MDCH Warns of Illegal Cosmetic Silicone Injections

Armen Hareyan's picture
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The Michigan Department of Community Health (MDCH), in conjunction with the Detroit Poison Control Center, is urging people to become educated on the immediate and long-term life threatening risks of liquid silicone injections, a practice known as "pumping".

The illegal injections contain industrial grade silicone (like bathtub caulking), which is sometimes mixed with other materials such as paraffin and various oils, and injected directly into the breasts, hips, buttocks and other areas. Castor oil may be used in place of silicone and is considered just as deadly. People who are not trained medical practitioners usually do the injections in non-sterile situations such as in motel rooms or private homes. These individuals travel around the country performing the procedure.

Death from lung failure is an immediate effect that can occur after an injection. Long-term effects can result in autoimmune diseases like rheumatoid arthritis, severe infections, open sores, and HIV and hepatitis infections from non-sterile needles.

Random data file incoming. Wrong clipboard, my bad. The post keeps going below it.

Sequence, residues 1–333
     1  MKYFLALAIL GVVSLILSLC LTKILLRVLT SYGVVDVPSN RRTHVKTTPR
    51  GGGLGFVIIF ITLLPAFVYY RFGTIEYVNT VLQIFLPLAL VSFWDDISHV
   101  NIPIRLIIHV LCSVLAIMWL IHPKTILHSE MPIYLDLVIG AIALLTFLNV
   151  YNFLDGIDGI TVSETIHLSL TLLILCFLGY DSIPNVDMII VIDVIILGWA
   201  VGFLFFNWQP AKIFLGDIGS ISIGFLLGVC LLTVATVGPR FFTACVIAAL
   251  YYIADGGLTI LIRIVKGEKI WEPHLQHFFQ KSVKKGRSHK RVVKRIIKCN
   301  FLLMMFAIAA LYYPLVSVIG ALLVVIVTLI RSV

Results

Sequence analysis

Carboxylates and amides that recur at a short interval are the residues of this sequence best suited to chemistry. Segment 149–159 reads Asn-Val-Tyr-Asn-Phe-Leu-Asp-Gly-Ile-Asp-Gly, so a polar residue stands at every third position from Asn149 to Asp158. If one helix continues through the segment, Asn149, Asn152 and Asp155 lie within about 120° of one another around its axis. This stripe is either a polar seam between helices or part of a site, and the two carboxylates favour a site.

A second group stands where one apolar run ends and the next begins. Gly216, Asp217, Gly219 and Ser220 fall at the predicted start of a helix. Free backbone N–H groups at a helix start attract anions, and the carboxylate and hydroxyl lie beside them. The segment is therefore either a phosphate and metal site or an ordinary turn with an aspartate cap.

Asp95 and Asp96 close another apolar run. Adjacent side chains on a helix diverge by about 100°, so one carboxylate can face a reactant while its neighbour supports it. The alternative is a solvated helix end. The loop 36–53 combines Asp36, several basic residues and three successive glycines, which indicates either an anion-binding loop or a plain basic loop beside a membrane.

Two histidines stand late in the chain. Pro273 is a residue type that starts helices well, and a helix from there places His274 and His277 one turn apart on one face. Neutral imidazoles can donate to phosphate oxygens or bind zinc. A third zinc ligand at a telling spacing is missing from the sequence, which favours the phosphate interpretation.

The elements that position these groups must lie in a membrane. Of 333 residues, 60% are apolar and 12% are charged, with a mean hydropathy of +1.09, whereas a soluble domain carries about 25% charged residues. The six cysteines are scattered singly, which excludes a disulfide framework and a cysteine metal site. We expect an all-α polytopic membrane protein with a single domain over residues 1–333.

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Although appearance may be enhanced in the short-term, these types of silicone injections can ultimately be disfiguring as the silicone moves around the body, changes shape, and/or hardens. Once injected, silicone is impossible to remove completely. Even partial removal can result in heavy scarring. In contrast, medical-grade silicone that is used by professionals is implanted under the skin in sealed pouches to prevent leaking.

The injections are popular within the transgender community as they are used to fill in areas that may be lacking fatty tissue.

For more information about the dangers of pumping, please visit the Gender Education & Advocacy organization at (www.gender.org), or the Poison Control Center at 1-800-222-1222.

For those in need of medical care in a transgender-friendly environment, please contact the University of Michigan Health Services, Comprehensive Gender Services Program at 734-763-0466.

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